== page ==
The eyes of a wolf: Ben-To’s awesome

There’s a few different tactics one can employ when approaching a new season of anime. You can either jump straight in during the first week or wait a while longer for the dust to settle; neither choice is perfect, but for this season at least, I decided to wait for 3 episodes to be released before getting my hands dirty with any new series.

If 3 episodes seems an arbitrary amount, that’s because it is. My only logic here is that since I want a decently informed opinion on anime, 3 episodes are better than 1. Any given episode of a series can be misleading, but 3 are more likely to betray a consistent sense of story-telling and quality. Alas, they also take more time to watch, but for the most part, I enjoy watching anime, so that’s not such a drag!

(I say for the most part because Guilty Crown proved so atrocious that I had to quit barely 5 minutes into the 3rd episode amidst a growing sense of vertigo. So, this is what passes for noitaminA now?)

I’ve taken-in roughly 8 of this season’s new offerings so far, with only Last Exile: Fam, the Silver Wing left to sample, and right now my favourite is Ben-To, with both Chihayafuru and Fate/Zero also impressing.

Ben-To‘s hot-blooded and fun and reminiscent of Gurren Lagann, but it’s probably best compared to Astro Fighter Sunred, a similarly absurdest sitcom rooted in the suburban blandness of modern-day Japan.

In Ben-To, people literally fight each other in the shopping aisles for first dibs on the evening’s discounted bento-boxes. The more we see, the deeper we dig into their strange world’s sense of strength, honour and comradery, a microcosm of modern life clashing with man’s primordial urge to hunt and gather. People team-up to fight “The Boar,” an aggressive, overweight woman who uses her shopping cart like a battering-ram to force her way through the isles, the Wolves are strong loners, concerned as much with pride as with food, whilst The Dogs hunt in packs, using their strength in numbers to block off their opposition.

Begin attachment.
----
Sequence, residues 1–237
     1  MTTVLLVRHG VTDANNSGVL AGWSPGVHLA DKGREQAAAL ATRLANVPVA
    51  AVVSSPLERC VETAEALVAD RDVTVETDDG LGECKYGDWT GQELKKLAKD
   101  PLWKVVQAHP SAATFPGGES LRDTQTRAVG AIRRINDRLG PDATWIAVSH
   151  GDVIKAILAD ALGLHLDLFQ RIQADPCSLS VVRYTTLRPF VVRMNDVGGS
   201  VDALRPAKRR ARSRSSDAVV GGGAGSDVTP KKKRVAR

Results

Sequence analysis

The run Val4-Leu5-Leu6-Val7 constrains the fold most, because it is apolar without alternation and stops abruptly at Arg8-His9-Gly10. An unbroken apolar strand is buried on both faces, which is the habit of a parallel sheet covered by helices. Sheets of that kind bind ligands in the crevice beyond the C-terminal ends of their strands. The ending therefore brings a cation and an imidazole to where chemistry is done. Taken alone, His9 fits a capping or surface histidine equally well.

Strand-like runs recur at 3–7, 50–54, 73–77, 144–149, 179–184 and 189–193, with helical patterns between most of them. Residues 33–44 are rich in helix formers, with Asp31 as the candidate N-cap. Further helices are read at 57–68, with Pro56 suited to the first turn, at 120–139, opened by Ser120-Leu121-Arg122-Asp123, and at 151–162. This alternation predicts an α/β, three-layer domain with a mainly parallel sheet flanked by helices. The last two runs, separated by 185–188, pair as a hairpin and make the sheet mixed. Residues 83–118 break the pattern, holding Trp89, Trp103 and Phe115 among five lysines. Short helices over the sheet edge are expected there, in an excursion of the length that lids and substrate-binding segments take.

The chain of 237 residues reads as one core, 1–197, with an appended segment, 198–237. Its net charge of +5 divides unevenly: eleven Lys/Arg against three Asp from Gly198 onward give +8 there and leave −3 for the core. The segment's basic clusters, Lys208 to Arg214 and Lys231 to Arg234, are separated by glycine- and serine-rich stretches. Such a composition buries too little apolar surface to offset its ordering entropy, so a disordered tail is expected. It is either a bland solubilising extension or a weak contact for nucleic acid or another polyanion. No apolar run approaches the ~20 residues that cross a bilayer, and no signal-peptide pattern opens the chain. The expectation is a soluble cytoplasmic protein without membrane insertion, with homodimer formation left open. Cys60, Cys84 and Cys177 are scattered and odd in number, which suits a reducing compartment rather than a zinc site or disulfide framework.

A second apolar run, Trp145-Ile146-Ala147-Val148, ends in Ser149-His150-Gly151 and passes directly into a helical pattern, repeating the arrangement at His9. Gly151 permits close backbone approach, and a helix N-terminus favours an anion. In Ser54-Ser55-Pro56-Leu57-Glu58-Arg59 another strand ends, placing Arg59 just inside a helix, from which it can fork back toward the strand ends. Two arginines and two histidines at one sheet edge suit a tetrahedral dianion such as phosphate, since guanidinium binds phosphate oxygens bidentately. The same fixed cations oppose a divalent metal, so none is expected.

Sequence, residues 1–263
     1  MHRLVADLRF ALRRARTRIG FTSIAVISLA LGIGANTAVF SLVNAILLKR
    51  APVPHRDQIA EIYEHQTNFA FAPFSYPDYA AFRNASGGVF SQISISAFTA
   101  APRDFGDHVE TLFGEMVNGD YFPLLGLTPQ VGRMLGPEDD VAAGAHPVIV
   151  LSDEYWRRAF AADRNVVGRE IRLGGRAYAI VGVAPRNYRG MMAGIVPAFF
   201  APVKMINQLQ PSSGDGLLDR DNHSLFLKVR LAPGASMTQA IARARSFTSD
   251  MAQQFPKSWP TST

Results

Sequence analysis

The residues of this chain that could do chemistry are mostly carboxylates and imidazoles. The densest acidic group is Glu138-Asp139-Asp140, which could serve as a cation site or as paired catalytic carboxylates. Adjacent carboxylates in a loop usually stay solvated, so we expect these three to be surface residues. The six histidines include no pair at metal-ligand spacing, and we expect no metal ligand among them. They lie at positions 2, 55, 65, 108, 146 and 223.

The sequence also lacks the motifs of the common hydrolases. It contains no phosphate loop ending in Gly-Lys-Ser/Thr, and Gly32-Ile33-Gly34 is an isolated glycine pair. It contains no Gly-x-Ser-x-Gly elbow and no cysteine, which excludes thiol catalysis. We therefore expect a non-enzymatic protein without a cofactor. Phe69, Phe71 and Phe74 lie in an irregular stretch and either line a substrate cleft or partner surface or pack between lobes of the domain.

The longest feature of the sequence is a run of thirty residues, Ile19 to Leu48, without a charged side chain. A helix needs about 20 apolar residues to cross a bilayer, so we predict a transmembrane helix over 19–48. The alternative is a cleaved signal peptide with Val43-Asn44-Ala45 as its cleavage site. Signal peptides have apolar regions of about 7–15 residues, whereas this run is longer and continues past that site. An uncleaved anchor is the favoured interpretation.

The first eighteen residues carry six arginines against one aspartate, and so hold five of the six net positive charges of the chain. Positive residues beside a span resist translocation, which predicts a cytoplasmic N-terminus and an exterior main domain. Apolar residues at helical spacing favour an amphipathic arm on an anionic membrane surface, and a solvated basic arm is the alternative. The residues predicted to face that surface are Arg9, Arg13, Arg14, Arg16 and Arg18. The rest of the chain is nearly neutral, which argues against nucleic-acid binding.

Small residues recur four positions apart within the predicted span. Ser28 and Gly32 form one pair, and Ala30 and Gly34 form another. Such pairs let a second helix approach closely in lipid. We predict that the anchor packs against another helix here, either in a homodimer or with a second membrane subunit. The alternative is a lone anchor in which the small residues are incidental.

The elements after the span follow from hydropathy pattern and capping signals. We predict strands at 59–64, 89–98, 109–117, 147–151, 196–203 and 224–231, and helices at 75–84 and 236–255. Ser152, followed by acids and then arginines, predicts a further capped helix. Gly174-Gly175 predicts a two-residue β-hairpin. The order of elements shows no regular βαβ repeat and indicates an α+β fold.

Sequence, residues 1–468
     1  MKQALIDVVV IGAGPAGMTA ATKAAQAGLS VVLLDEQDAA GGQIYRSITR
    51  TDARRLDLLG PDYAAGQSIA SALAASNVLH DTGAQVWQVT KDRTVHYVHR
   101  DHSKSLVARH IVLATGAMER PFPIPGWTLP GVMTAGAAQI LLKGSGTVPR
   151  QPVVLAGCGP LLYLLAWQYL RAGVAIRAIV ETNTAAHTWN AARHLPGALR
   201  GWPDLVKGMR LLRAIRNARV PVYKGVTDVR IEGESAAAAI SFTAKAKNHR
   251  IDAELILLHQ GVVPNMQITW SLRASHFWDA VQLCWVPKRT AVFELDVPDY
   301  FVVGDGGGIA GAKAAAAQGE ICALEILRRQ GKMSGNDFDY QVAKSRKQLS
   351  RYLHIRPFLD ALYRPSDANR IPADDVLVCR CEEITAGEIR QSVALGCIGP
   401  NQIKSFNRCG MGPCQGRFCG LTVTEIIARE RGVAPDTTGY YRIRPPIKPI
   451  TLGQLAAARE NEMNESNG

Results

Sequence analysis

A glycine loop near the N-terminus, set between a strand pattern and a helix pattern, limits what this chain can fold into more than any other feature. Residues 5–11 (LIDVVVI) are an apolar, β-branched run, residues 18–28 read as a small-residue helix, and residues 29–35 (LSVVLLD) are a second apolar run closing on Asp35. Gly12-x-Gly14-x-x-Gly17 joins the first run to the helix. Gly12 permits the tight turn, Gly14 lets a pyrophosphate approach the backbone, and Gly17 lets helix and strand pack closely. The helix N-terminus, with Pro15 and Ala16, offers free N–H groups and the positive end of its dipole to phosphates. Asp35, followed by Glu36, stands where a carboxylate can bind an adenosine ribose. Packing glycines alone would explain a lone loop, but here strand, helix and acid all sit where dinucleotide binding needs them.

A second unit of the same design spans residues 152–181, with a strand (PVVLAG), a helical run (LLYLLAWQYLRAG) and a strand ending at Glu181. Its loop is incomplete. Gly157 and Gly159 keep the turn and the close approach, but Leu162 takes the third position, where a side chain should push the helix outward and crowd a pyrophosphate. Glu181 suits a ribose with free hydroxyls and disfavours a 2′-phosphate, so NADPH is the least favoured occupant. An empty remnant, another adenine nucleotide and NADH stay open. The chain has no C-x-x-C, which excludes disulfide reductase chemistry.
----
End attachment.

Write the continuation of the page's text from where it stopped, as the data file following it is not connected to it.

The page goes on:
The main character isn’t your typical Guilty Crown-esque loser, but a resilient, strong-willed boy capable of both taking and handing out a beating. At the end of the third episode, one character proclaims that “He doesn’t have the eyes of you dogs. Those are the eyes of a wolf.” On its own, it’s a line that wouldn’t seem out-of-place in rather more hard-boiled stories like Berserk, Vinland Saga and Fist of the North Star, but that it appears in Ben-To is great. It isn’t all bad-ass, though. I have to mention the fan-service and stereotypical “moe-ness” of it, too.

Episode 4 introduces a girl we first meet in the main character’s bed. Later on, she sexually harasses another girl… Sound familiar? Sometimes it feels like 2 different series forced together, but it’s worth persevering with for the crazy fist-fighting; the sheer disparity between its 2 halves is perhaps why Ben-To‘s so much fun, anyway.

Author: bateszi

A huge bloody nerd. I apologise in advance. I live in Cambridge, England. That's not an excuse, by the way.

11 thoughts on “The eyes of a wolf: Ben-To’s awesome”

  1. I keep hearing about this series, I might have to check it out since you recommend it so strongly. I am a little worried about the “fanservice fan-service and stereotypical moe-ness” aspect of it but the concept certainly sounds fun.

    Plus if your other two favorites this seasons are Chihayafuru & Fate/Zero that means we are pretty much in agreement.

    Also Guilty Crown, yes what is it doing on noitaminA? Ugh! But I probably sound like a broken record with how many times I have said this. :)

    1. This has been a woeful year for noitaminA. We’ve seen a fundamental shift in the type of anime they produce, now much more towards the otaku-pandering stuff they were supposed to be the antidote to. Guilty Crown really takes the cake, though: the worst series I’ve ever seen associated with the noitaminA label, because even if stuff like Jyu Oh Sei wasn’t good, it always had good intentions.